One-Step Synthesis and Optical Properties of Benzoate- and Biphenolate-Capped ZrO2 Nanoparticles


A simple one-pot approach based on the benzyl alcohol route is used for the preparation of benzoate- and biphenolate-capped zirconia and, benzoate-capped Eu-doped zirconia nanoparticles. Powder X-ray diffraction studies and high- resolution transmission electron microscopy (HR-TEM) showed that the nanoparticles present high crystallinity and uniform particle sizes ranging from 3 to 4 nm. FT-IR and solid state NMR (SS-NMR) studies revealed that the nanoparticles are coated with a large amount of organic species when the reaction temperature is above 300 degrees C. It was found that the alcohol used as solvent is oxidized at the surface of the nanoparticles to the respective carboxylic acid which acts as a stabilizer, controlling the nanoparticles growth. The optical properties of these hybrid nanoparticles were studied by room and low (12K) temperature photoluminescence spectroscopy, time-resolved spectroscopy and absolute emission quantum yield. The as-synthesized benzoate- and biphenolate-capped nanoparticles exhibit interesting emission properties in the UV and blue spectral regions together with values of emission quantum yields much higher than those reported for zirconia nanoparticles of similar size. The photoluminescent properties were attributed to a cooperative effect of the capping ligands and the defects associated to the ZrO2 nanoparticles. Due to the overlapping of the various emission components involved (i.e., the emission of europium(III) intra-4f6 transitions, defects in the zirconia and capping ligands) a tunable emission color ranging from purplish-pink to greenish-blue could be obtained for the europium-doped zirconia nanoparticles by simply selecting different excitation wavelengths.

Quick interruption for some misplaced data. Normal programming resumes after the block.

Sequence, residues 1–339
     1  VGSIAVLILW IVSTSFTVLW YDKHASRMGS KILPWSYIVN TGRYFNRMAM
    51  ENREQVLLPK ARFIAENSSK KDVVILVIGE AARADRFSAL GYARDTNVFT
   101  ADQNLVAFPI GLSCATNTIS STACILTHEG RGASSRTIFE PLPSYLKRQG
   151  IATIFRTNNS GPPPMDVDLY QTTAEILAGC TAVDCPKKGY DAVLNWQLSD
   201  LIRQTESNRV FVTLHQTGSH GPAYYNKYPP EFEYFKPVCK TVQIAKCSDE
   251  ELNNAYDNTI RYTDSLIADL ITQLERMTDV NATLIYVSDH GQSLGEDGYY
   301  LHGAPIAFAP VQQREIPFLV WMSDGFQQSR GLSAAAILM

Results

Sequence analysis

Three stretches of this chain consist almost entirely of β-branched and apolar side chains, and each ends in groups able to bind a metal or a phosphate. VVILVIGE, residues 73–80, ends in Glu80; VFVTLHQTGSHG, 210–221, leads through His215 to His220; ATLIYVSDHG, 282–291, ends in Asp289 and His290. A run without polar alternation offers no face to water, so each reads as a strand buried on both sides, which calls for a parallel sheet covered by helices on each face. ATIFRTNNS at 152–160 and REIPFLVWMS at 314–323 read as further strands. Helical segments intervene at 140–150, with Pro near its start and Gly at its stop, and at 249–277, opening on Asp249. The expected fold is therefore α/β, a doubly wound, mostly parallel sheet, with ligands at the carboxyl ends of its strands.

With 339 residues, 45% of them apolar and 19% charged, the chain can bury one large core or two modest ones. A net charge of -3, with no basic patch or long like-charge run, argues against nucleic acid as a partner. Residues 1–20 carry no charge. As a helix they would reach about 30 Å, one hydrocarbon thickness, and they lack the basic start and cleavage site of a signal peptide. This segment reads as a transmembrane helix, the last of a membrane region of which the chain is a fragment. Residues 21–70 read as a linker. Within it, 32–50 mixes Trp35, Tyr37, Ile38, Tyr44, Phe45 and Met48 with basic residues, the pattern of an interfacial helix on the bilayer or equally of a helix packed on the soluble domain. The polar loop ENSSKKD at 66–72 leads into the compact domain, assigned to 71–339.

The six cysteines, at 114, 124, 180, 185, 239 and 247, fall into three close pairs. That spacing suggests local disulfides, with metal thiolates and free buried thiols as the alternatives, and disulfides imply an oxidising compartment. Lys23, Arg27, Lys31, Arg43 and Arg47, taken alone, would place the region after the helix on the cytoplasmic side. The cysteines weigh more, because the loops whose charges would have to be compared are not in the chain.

Chemistry; Science & Technology - Other Topics; Materials Science; Physics


Bai, X; Pucci, A; Freitas, VT; Ferreira, RAS; Pinna, N

nossos autores


This work was partially supported by the WCU (World Class University) program through the National Research Foundation (NRF) of Korea funded by the Ministry of Education, Science and Technology (R31-10013) and by FCT PEst-C/CTM/LA0011/2011, SFRH/BPD/71671/2010 and SFRH/BD/45177/2008. We are grateful to Marc-Georg Willinger from the Fritz Haber Institute of the Max Planck Society and, Marta C. Ferro and Gianvito Caputo from the University of Aveiro for TEM measurements. Guylhaine Clavel from the University of Montpellier II and Markus Niederberger from the ETH Zurich are acknowledged for critical reading of the manuscript and fruitful discussions.

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